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Devanish's Story: How An Inter-Caste Elopement Led To Murder

Devashish Meena and Pratibha Gujar
Devashish Meena and Pratibha Gujar
Jasvinder Sehgal

NEW DELHI — Five months ago, Devanish Meena, a young Indian man from New Delhi, eloped with his longtime girlfriend. Now he is a widower. Adding to Devanish's anquish is his belief that the young bride, Pratibha Gujar, was murdered — by her own family.

In India, approximtely 1,000 young people are murdered each year in name of saving a family's honor. The "honor killings," as they're known, are often committed when a forced or arranged marriage is rejected.

Pratibha's death seems to fit the profile. The young woman's relationship with Devanish was very much opposed by her family. And so they killed her "by electrocuting her in a water tank," some of her cousins told the widowed husband.

Sharing his story with journalists and activists gathered at a press conference in Rajasthan, Devanish explains how his wife's family didn't even take their daughter to a hospital. No post mortem was conducted, he says.

The couple married in secret this past May, far away from their homes in New Delhi. They had been in love for many years, but their parents forbade the relationship because they are from different castes.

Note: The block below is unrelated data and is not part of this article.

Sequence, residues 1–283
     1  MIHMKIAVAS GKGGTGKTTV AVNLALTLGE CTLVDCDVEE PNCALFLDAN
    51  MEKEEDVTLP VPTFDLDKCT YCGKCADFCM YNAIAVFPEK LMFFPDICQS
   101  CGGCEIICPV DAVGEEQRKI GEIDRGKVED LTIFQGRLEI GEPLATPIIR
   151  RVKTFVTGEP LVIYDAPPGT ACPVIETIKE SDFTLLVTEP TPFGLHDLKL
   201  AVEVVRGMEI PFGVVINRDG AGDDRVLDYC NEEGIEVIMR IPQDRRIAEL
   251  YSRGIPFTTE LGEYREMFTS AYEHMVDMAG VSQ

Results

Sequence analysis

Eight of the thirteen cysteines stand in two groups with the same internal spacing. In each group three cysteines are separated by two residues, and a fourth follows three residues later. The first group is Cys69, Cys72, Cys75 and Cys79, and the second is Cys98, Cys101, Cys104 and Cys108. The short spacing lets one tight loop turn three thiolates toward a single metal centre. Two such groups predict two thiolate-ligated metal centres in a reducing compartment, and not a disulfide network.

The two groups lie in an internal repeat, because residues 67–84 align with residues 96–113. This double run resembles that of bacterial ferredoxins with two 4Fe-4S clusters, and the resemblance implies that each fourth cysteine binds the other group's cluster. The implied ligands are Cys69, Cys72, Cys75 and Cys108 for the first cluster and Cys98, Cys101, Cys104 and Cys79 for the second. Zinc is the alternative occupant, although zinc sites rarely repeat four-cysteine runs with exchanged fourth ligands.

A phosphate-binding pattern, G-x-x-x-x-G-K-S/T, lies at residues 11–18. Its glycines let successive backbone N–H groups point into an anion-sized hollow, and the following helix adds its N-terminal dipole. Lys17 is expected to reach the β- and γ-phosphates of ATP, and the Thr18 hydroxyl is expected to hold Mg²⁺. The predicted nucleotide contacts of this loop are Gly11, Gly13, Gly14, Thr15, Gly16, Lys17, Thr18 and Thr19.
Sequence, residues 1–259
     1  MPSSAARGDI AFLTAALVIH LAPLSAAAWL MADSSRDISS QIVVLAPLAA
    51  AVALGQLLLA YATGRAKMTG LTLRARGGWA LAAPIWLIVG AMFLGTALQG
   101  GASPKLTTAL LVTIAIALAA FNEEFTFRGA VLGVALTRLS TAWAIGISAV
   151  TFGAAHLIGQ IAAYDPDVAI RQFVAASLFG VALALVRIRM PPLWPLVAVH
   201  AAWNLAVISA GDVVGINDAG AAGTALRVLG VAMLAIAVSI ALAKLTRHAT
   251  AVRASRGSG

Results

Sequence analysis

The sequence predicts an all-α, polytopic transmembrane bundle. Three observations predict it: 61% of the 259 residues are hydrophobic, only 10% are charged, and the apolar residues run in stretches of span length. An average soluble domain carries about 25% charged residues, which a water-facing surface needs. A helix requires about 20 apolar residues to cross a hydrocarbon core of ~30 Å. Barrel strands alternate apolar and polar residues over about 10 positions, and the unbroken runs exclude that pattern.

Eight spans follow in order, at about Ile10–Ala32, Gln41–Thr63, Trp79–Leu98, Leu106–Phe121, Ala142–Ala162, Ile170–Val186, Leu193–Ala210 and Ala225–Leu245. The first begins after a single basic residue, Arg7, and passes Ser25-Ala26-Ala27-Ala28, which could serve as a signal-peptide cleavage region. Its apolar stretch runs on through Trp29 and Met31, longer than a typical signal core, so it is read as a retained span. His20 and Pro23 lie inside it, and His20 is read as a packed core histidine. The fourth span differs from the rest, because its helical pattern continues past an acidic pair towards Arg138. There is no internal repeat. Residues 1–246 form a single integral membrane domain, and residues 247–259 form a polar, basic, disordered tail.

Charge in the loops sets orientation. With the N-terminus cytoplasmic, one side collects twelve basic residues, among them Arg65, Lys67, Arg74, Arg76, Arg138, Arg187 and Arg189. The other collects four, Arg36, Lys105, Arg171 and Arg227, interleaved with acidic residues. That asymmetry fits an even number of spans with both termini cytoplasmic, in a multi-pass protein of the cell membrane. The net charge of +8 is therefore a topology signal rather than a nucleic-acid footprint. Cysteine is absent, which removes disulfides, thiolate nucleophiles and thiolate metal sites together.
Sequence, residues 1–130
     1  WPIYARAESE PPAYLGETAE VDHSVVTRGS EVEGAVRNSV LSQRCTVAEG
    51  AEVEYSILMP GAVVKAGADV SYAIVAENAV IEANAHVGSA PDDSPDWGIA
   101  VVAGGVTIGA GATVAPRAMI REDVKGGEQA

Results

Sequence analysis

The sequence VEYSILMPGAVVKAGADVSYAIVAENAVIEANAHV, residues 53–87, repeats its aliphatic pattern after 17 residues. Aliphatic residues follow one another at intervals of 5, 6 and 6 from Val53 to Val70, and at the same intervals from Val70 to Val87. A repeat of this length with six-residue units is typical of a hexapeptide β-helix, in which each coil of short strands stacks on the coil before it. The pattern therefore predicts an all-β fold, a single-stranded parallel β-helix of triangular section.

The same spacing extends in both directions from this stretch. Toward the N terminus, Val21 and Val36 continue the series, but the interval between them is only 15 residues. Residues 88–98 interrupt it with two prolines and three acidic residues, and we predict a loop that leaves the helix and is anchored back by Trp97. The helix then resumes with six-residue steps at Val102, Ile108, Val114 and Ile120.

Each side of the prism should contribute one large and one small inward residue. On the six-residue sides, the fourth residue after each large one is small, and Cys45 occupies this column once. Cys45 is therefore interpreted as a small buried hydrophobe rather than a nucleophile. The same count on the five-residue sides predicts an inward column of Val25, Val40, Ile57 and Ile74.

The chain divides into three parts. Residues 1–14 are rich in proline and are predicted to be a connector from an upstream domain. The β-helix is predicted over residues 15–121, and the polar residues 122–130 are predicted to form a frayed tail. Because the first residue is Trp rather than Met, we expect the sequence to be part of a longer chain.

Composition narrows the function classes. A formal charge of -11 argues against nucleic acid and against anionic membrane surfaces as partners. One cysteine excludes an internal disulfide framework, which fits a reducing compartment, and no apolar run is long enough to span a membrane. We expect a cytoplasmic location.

They first met in the sixth grade. "After that we became very good friends," Devanish says. "But when we were in 11th grade, her father found out about our relationship. As we belong to different castes he got angry and punished her to the worst extent." Devanish says Pratibha was tortured mentally and physically by her father, leading them to elope.

Seeking justice

The widowed husband says he has presented evidence of the killing to the police, including letters and emails from his late wife saying her life was in danger and that her father was threatening her. But is doubtful he will get justice.

"I have submitted all the documents and proof to the police, but the police are asking for eyewitnesses," Devanish says. "From where can I bring the eyewitnesses?"

Women's rights activists have come forward to support Devanish and demand the case be thoroughly investigated. Kavita Srivastava, the secretary of the People's Union for Civil Liberties, says Devanish is distraught over his loss.

"This is a kind of denial of the right to choice. Plus, to eliminate her because of the honor of the family — as if women are the repository of the honor and men are controlling it," says Srivastava. "These are the shocking details and the state refuses to engage."

Evidence of such honor killings continue to pile up. But convictions are few and far between. Nisha Sidhu of the National Federation of Indian Women says that India badly needs a specific law against the crime. The Supreme Court of India has formulated guidelines intended to prevent honor killings, but right now they are only guidelines, not a hard-fast law, and some police officers are not even aware of them.

"Until a new law has been adopted, the guidelines of the highest court of the country against honor killings are to be strictly followed," Sidhu says. "But the problem is that our police are not acquainted with these guidelines."